Kayla Heard, a third-year architecture student from Mobile, Alabama, was among past preservation project participants selected by Daniels to be part of this significant endeavor.
“Being here at Tuskegee, I’ve developed a great appreciation for its legacy, and it’s like we’re continuing that through this project,” she said, while crediting her involvement at the multiple project sites with a budding career interest in historic preservation. She is particularly interested in opportunities with the National Park Service, which also maintains the Tuskegee Institute National Historic Site in partnership with the university.
“Tuskegee is living, enduring proof that African Americans can do great things,” she continued. “Being here at this moment, I feel like I’m following in the footsteps of the students who built this school. I’m touching something that students built, and I’m here making it better.”
Investing in our future preservation leaders is one of the most important things the National Park Service can do to further its mission,” said National Park Service Acting Deputy Director for Operations David Vela. “We are dedicated to providing access to real-world experiences for our nation’s youth and young professionals, so that together we can preserve our shared historic and cultural resources.”
Prior to their work at Tuskegee, the students traveled with Daniels to learn about historic landscapes, heritage areas, 3-D laser scanning, and the research work done at the National Center for Preservation Technology and Training in Natchitoches, Louisiana.
From there, they traveled to the National Park Service’s Western Center for Historic Preservation, located in Wyoming’s Grand Teton National Park. Students spent time at the Bar BC Dude Ranch, established in 1912 as a dude ranch using a style called “Dude Ranch Vernacular,” and completed the “Guiding Principles for Historic Preservation,” a course on field-based historic preservation, documentation, hands-on treatment, and heritage asset maintenance planning.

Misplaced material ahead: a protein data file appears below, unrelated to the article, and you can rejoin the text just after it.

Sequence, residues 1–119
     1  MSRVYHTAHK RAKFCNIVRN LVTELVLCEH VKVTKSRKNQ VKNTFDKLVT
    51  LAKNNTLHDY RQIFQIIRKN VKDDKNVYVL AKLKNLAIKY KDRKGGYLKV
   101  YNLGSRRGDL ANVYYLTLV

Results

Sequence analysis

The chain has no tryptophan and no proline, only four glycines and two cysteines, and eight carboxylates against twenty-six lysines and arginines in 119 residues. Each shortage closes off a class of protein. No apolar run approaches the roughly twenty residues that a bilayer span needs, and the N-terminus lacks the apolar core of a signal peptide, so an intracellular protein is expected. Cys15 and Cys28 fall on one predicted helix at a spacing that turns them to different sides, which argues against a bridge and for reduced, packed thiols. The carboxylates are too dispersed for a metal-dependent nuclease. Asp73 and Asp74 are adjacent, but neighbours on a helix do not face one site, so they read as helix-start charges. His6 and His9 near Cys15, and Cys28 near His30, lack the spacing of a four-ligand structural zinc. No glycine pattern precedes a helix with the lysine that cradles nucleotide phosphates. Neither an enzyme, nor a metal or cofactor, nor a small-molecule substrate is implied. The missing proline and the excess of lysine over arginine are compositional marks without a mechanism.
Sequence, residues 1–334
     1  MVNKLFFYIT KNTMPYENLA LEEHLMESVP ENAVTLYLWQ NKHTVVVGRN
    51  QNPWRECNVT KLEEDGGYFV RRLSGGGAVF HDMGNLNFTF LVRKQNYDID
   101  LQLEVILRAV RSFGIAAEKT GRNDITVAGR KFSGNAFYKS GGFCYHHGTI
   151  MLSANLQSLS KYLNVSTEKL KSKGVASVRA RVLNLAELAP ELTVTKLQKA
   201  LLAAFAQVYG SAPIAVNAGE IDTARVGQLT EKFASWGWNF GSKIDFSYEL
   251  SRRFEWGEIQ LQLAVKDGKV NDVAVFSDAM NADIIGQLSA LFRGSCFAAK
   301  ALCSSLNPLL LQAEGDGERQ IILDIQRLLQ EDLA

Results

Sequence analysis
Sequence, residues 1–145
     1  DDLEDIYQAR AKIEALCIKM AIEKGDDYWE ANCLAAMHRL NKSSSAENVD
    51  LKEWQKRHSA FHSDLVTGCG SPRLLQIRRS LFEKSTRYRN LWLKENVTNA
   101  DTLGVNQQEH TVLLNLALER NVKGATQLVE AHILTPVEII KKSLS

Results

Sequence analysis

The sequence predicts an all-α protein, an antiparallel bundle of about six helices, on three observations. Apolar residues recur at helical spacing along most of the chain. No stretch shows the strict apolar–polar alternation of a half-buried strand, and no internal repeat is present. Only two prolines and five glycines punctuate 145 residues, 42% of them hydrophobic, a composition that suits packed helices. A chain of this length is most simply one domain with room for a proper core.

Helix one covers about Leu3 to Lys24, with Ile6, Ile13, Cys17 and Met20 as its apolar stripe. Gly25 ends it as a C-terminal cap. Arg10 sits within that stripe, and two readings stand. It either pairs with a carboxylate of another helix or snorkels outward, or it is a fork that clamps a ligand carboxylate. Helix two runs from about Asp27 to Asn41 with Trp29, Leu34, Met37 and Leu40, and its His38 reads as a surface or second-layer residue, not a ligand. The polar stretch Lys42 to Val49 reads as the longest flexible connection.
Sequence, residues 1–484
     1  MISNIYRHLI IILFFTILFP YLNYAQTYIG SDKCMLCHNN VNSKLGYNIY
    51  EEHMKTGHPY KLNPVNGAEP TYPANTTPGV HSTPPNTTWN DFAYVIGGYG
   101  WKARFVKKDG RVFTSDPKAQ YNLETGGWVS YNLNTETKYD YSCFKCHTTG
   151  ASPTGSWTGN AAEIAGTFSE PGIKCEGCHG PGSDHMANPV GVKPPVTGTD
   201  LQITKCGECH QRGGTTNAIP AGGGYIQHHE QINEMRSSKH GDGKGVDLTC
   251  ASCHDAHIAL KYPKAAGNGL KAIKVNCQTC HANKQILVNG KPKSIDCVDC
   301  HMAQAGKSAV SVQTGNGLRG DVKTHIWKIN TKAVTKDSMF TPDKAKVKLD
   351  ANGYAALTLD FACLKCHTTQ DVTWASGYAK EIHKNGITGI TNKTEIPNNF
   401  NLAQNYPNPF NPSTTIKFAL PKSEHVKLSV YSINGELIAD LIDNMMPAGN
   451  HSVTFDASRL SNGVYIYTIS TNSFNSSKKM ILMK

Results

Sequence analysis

“HOPE Crew provides an opportunity to make a positive difference in the lives of the next generation of preservation leaders, while at the same time, addressing critical maintenance and preservation needs at some of America’s most important historic places,” said Katherine Malone-France, chief preservation officer at the National Trust for Historic Preservation. “We’re excited to be here at one of America’s foremost HBCU campuses to participate in this partnership and give these students an opportunity to see first-hand how they can make a difference in preserving historic places.”
On Thursday, Aug. 22, Malone-France joined other partnership representatives for a reveal of the Tuskegee HOPE Crew’s progress. Also present for the event and representing the other collaborators were Stanton of the ACHP; and Lance Hatten, southeast regional deputy director of the National Park Service.
The Touching History: Preservation in Practice program is funded by the NPS, the National Trust — which receives additional financial support from the Fund II Foundation—and in-kind support from the ACHP.
“Our communities provide such rich history at every turn, which serves as a reminder of the incredible contributions made by African Americans throughout history,” said Linda Wilson, executive director, Fund II Foundation. “Supporting initiatives, such as Touching History, and providing opportunities for young people of color in diverse STEM-related fields, is an important part of our mission; one that we will see the benefits of for years to come.”